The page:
If the Super Bowl champions don't sign Flacco to a contract extension prior to a March 4 deadline to utilize the franchise tag, they're expected to prevent him from becoming an unrestricted free agent through either an exclusive franchise tender of $20.46 million or a non-exclusive franchise tender of $14.6 million.
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Under league rules governing non-exclusive franchise players, the Ravens would be compensated with pair of first-round draft picks if Flacco agreed to a contract with another team and they didn't exercise their right of first refusal and match the offer. Under the exclusive tag, Flacco wouldn't be allowed to negotiate with any other team.
Contract talks have yet to resume between Ravens vice president of football administration Pat Moriarty and Flacco's agent, Joe Linta, since hitting an impasse in August, but are expected to pick up as soon as later this week at the NFL scouting combine in Indianapolis. The free agent signing period starts March 12.
"This has been the most curious negotiation in the NFL over the past year," said ESPN business of football analyst Andrew Brandt, a former Green Bay Packers vice president of player finance. "After the first Monday night game, John Harbaugh said 'Pay the Man!' and the public sentiment was certainly high towards a major contract extension for Flacco. During some down performances in the season, we heard a lot less of that.
"The key for a front office in making a franchise-defining decision is to not let that sway of emotions rule in business decisions like this. They have clearly prioritized Flacco in a certain market and it is unclear if the postseason performance has changed that."
Flacco now shares an NFL single-season postseason record with Joe Montana and Kurt Warner after throwing 11 touchdown passes in the playoffs, capping that run with three touchdowns in a victory over the San Francisco 49ers and being named Super Bowl Most Valuable Player. In the playoffs, Flacco completed 57.9 percent of his passes for 1,140 yards, no interceptions and a 114.0 quarterback rating.
"Somebody said, 'Should Joe be the highest-paid quarterback in the game?' I said, 'Yes,'" Linta told The Sun recently. "I'm not going to be apologetic for him. He's shown he's a big-time guy in terms of contract versus other guys. He's a lot younger than them, too. He's hitting his prime.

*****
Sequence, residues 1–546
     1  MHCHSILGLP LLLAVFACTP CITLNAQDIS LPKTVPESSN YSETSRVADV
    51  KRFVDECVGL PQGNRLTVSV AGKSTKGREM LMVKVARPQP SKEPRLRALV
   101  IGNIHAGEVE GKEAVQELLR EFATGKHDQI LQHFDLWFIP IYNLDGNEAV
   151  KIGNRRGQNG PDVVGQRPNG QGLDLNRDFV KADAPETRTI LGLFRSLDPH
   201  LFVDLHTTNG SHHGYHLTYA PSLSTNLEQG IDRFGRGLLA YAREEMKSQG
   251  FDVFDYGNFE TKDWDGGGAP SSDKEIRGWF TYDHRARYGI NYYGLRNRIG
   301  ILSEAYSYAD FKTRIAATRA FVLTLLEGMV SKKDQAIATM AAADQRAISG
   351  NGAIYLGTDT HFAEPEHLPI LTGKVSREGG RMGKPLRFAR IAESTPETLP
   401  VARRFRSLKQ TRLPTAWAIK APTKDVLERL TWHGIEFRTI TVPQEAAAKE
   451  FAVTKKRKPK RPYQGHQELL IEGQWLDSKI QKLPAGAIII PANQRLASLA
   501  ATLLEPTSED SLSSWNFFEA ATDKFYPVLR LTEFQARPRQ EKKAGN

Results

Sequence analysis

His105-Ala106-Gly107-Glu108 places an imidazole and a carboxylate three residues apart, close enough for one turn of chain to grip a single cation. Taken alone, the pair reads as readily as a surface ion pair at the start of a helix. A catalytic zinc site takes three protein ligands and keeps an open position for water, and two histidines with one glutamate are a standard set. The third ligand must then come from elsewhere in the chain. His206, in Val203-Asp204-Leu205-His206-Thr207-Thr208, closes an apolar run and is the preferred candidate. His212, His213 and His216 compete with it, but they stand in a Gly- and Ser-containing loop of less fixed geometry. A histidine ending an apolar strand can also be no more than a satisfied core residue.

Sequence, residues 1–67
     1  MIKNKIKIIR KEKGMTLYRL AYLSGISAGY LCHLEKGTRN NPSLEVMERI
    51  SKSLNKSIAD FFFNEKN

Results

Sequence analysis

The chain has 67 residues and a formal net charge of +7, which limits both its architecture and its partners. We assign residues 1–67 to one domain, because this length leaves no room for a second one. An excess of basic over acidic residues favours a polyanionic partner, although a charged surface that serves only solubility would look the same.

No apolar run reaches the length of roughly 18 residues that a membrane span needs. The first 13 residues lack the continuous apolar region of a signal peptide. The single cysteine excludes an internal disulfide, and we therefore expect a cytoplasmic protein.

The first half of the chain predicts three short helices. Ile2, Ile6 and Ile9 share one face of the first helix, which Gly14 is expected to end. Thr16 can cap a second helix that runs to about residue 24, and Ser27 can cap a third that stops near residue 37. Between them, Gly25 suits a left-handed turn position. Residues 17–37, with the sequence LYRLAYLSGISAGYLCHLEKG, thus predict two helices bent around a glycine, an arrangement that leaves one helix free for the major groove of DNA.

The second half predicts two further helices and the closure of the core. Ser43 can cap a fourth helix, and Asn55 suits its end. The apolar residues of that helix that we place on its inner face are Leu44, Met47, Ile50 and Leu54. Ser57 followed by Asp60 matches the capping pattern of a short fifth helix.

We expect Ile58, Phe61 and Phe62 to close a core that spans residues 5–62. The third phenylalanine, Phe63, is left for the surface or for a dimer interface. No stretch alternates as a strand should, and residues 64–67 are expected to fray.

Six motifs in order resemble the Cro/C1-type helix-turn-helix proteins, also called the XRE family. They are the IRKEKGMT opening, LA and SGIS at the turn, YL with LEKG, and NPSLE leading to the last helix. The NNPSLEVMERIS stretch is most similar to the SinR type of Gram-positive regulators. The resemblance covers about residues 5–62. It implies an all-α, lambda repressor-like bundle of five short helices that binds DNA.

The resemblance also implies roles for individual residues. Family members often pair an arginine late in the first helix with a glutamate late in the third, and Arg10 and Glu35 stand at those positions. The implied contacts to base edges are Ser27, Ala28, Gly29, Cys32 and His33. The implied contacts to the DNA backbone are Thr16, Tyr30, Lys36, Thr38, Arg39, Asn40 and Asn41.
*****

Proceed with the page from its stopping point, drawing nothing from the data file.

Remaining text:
"When you do the contract, you want to look at two things: body of work and present value over his five years of work. You have to be able to project out what he can do and what he can do for the next five to six years. On both counts, Joe has been exemplary."
Flacco isn't expecting his contract to become an issue, striking an optimistic stance after the Super Bowl.
"This is a great organization," Flacco said. "I love being here. I don't anticipate any problems."
However, the Ravens are facing a tight salary-cap situation.
They're currently $9.864 million under the projected 2013 salary cap of $121 million with 49 salary-cap commitments totaling $111.136 million. That figure doesn't include having retained any unrestricted free agents or restricted free agents.
So signing Flacco to a long-term deal is the preference for multiple reasons. It would lock up the Ravens' homegrown quarterback for probably the next seven seasons. It would also grant them the freedom to potentially hold onto some unrestricted free agents — safety Ed Reed, cornerback Cary Williams, inside linebacker Dannell Ellerbe and outside linebacker Paul Kruger — and secure restricted free agent tight ends Dennis Pitta and Ed Dickson and defensive lineman Arthur Jones.
"We're looking to get a fair deal with Joe, and, yes, the franchise number does consume a lot of cap room," Newsome said. "If we are able to get a deal done, it will allow us to participate more in the market if we choose. We understand what the priority is."
The Ravens are still carrying $1.8 million in dead money for former kicker Billy Cundiff.
However, they'll gain $4.35 million in cap space once linebacker Ray Lewis officially retires and can subtract his $5.4 million salary. More savings can be created if veteran offensive linemen Matt Birk ($2.75 million salary) and Bobbie Williams ($1.2 million salary) retire or are released.